Catalan Revolt

Catalan Revolt

The Catalan Revolt (known in Catalan as the "Guerra dels Segadors" or Reapers' War) affected a large part of Catalonia between the years of 1640 and 1659. It had an enduring effect in the Treaty of the Pyrenees, which ceded the county of Roussillon and the northern half of the county of Cerdanya to France (see French Cerdagne), thereby splitting the Catalan population. The Spanish counter-insurgency efforts exhausted and ultimately contributed to Spain's decline as a world power, much in the same way as the USSR's counter-insurgency efforts in Afghanistan 350 years later would contribute to the USSR's decline.

The war had its roots in the discomfort generated in Catalan society by the presence of Castilian troops during the wars between France and Spain as part of the Thirty Years' War. Count-Duke Olivares, the chief minister of Philip IV, had been overusing Catalan resources in his wars against France. Catalan peasants were forced to quarter Castilian troops and responded on Corpus Christi day with an uprising known as 'Bloody Corpus' (Catalan "Corpus de Sang"), under the slogans "Long live the faith of Christ!", "Long live the king of Spain, our lord", "Long live the land, death to bad government". This 'Bloody Corpus' of 1640, which began with the death of a reaper and led to the somewhat mysterious death of the Count of Santa Coloma, viceroy of Catalonia, marked the beginning of the conflict. The irregular militia were known as 'Miquelets'.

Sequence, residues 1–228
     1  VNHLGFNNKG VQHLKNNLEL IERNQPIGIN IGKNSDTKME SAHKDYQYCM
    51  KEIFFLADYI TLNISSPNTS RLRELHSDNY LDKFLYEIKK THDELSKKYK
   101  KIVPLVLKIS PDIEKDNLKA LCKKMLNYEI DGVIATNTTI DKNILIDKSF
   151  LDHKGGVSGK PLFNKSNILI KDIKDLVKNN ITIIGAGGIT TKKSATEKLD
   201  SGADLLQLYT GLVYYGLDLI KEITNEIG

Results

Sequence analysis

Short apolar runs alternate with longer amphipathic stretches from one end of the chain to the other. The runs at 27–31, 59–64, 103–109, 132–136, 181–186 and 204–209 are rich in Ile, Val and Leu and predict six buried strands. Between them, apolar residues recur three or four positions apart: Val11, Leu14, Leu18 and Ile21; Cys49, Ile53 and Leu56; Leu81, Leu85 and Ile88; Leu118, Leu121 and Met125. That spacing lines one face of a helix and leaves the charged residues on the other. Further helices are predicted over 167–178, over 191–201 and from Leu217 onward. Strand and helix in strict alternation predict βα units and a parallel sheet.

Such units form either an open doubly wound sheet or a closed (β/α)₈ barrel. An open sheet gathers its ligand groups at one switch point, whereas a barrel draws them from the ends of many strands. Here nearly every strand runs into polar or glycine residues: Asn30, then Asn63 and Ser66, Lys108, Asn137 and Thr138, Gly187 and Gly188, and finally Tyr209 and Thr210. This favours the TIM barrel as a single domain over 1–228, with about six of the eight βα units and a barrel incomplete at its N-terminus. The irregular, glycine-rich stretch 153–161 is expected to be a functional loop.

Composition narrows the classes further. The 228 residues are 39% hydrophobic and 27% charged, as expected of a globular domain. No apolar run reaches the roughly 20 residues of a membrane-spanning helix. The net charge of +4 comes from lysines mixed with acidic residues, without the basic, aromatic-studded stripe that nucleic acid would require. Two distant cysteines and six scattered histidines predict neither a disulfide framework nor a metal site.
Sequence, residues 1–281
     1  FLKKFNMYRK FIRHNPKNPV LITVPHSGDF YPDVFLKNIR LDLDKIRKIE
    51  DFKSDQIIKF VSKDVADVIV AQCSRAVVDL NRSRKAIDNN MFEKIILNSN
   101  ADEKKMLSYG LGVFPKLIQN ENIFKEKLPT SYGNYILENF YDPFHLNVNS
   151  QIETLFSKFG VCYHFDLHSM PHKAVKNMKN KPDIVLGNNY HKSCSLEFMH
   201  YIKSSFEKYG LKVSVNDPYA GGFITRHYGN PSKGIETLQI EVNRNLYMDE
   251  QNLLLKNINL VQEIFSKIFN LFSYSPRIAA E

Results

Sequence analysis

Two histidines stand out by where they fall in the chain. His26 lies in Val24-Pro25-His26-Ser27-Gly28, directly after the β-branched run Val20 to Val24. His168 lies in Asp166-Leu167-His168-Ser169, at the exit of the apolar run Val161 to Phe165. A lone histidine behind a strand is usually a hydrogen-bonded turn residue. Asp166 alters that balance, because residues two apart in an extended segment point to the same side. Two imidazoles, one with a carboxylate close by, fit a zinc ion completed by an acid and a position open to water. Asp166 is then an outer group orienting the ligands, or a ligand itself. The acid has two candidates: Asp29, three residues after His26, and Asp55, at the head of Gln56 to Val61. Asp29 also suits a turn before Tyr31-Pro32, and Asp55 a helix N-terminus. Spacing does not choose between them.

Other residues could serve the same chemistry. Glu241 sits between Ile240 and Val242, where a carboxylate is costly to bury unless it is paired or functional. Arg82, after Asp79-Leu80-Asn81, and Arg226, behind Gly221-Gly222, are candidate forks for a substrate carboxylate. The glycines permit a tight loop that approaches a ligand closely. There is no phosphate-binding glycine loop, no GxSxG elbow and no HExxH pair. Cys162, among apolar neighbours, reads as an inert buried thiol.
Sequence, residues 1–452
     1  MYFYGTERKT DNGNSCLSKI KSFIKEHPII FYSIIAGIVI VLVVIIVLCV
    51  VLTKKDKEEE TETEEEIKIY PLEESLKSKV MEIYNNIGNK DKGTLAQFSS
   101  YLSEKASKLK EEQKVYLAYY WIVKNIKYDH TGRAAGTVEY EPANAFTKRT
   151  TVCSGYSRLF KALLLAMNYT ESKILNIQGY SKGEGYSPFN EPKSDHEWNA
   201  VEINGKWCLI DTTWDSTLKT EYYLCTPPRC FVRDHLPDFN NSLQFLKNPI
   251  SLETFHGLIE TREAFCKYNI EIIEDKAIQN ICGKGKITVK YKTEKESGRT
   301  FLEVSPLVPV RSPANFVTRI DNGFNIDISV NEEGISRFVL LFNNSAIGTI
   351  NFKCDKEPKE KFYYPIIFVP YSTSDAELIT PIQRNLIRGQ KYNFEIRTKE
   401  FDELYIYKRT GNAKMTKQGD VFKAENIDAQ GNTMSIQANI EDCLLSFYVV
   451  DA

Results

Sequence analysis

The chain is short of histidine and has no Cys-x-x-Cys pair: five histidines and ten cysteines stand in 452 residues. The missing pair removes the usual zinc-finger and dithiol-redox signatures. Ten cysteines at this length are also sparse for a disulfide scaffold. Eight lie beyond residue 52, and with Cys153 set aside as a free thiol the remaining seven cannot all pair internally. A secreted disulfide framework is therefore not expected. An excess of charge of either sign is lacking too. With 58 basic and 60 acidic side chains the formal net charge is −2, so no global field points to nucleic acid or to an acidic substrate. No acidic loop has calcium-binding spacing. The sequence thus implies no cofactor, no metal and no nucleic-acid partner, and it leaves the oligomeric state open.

Pau Claris, head of the Generalitat of Catalonia, turned the social unrest of the Catalans into a political cause and proclaimed a Catalan Republic. The Generalitat obtained an important military victory in the battle of Montjuïc (January 26, 1641). A little later, the death of Pau Claris created a difficult local and international situation, which resulted in the proclamation of Louis XIII of France as count of Barcelona and sovereign of Catalonia, Lluís I de Barcelona.

The conflict extended beyond the Peace of Westphalia, which concluded the Thirty Years' War in 1648, with the confrontation between two sovereigns and two Generalitats, one based in Barcelona, under the control of Spain and the other in Perpinyà (Perpignan), under the occupation of France. In 1652 the French authorities renounced Catalonia, but held control of Roussillon, thereby leading to the signing of the Treaty of the Pyrenees in 1659.

ee also

*Els Segadors ("The Reapers") is the current anthem of Catalonia. The current lyrics are from 1899.


* J.H. Elliott. " [ The Revolt of the Catalans: a Study in the Decline of Spain (1598-1640)] ". Cambridge, 1963.
* J. Sanabre. "La acción de Francia en Cataluña en la pugna por la hegemonía de Europa (1640-1659)". Barcelona, 1956. Still indispensable for its detailed coverage of the events from 1640/41 and later.

External links

* [ Museum exhibit with online information]

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